OTPIC Officially Retired

As of December 2, 2005, the Online Training Program on Intractable Conflict (OTPIC) has been officially retired, and is no longer open to new registrations.

The successor to OTPIC is a course called Dealing Constructively with Intractable Conflicts (DCIC). The new curriculum is built around one of our major projects, Beyond Intractability, and offers a much more extensive and informative set of learning materials than that available through OTPIC.

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International Online Training Program On Intractable Conflict

Conflict Research Consortium, University of Colorado, USA

Changing Leaders or Negotiators

Opening Page | Glossary | Menu Shortcut Page

Once a conflict has been "personalized"--in other words, once the problem has been defined, at least in part, in terms of the personalities of the leaders or negotiators, de-escalation can often by encouraged by changing who these people are. Sometimes this happens automatically--a government will have an election and a new leader is selected.  This person may be able to make progress in de-escalating a conflict just by being new--by not being identified as resistant or unreasonable as his or her predecessor was. 

Alternatively, negotiators or group leaders may be changed without a vote.  If one person is seen to be ineffective because they have become too angry with the other side (or the other side is too angry with them to be able to negotiate effectively), changing spokespeople and/or negotiators can be very helpful in getting negotiations moving again.   By bringing in new people--who are not viewed as negatively as their predecessors--opportunities may become apparent that were invisible before.  In addition, fresh people may not be as firmly set in their ways of thinking as people who have been involved in a conflict for a long time.  They may be able to get out of the "ruts"--the old ways of thinking that earlier negotiators had been stuck in--and develop new approaches to problems that were not thought of before.  They may also be able to develop more effective personal relationships with their opponents than the people who came before.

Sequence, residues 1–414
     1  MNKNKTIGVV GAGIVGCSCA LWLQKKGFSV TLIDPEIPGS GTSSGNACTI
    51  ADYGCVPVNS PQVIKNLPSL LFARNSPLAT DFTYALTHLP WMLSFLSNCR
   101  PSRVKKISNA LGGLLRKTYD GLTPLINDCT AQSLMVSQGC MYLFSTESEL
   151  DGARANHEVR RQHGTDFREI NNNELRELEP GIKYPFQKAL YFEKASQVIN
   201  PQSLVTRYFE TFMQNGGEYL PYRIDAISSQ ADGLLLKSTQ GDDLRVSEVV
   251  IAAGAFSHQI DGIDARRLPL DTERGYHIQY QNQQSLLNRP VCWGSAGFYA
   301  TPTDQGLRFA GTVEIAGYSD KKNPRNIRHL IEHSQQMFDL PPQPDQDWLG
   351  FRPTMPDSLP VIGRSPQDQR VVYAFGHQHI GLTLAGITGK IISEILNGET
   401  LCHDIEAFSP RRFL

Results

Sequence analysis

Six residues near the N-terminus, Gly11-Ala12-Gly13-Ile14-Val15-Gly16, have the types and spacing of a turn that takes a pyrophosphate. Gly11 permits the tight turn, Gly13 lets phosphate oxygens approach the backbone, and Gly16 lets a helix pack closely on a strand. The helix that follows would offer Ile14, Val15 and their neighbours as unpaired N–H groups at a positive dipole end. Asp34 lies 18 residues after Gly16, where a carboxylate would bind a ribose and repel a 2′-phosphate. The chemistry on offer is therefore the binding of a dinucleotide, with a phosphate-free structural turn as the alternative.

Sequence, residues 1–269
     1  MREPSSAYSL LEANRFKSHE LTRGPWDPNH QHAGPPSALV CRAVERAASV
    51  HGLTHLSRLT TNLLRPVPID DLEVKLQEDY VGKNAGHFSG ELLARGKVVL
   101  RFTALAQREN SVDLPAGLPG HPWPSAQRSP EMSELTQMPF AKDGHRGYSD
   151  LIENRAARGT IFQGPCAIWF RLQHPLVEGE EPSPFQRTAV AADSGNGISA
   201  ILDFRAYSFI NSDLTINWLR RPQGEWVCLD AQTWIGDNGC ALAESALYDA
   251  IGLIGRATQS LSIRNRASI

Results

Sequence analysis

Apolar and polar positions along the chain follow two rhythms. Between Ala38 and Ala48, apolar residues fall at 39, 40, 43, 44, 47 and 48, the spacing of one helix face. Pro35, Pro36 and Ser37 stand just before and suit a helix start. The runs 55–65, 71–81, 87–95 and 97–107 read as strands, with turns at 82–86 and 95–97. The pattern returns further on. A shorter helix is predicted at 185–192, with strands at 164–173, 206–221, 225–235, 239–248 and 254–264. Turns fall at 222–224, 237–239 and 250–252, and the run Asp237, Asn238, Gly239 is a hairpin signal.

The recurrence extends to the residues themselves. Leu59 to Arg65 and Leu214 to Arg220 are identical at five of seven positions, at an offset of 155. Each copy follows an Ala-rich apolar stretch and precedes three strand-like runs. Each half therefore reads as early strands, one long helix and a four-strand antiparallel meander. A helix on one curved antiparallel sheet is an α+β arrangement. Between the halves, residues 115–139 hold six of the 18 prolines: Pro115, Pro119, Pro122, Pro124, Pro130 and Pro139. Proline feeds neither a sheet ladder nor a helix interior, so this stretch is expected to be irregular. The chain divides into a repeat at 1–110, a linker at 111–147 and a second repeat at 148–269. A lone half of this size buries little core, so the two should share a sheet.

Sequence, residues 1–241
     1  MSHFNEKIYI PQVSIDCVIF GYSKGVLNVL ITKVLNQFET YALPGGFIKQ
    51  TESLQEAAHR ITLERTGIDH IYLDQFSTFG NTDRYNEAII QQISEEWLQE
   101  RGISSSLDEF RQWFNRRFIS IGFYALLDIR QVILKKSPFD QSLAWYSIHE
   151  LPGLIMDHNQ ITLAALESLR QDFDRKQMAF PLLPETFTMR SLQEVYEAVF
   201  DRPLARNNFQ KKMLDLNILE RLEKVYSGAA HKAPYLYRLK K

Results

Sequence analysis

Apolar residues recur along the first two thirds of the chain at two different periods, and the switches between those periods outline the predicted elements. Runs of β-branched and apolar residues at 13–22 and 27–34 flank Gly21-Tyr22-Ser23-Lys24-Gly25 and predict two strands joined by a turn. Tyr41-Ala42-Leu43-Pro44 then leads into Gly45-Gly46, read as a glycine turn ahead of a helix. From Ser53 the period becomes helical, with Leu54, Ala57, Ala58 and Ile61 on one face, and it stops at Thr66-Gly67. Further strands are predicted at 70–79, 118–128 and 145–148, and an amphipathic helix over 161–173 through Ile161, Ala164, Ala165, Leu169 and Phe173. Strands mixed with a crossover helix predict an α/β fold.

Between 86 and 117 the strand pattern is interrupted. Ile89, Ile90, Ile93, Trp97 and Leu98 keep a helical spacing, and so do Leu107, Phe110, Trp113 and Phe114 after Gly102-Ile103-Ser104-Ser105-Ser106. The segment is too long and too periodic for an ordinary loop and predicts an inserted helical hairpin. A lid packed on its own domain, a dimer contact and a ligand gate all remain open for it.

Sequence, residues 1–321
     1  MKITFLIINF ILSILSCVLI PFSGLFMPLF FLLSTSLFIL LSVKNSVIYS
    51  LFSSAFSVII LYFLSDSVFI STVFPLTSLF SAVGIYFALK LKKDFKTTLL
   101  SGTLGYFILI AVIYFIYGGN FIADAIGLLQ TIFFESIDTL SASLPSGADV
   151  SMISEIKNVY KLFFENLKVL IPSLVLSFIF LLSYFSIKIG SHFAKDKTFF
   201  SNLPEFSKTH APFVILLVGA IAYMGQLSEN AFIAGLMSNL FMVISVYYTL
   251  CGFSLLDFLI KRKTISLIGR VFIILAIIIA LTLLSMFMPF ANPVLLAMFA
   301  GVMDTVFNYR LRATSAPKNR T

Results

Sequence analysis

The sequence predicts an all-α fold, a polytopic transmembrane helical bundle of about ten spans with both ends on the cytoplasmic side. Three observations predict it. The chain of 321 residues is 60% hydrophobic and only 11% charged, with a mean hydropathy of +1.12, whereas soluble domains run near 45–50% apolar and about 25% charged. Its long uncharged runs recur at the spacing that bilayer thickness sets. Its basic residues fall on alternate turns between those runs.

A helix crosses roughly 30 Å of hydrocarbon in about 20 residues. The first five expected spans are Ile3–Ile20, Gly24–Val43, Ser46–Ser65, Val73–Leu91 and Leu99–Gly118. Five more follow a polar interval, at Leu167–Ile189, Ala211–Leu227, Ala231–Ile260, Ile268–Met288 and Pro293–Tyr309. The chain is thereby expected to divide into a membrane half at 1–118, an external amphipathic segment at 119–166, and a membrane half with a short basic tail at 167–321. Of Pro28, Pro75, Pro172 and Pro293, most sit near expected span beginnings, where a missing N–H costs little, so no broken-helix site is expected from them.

Links to Related Approaches

Treating Escalation Problems - All

Negotiate With Legitimate Representative


Links to Related Problems

Escalation - All

Refusal to Negotiate


Copyright 1998 Conflict Research Consortium  -- Contact: crc@colorado.edu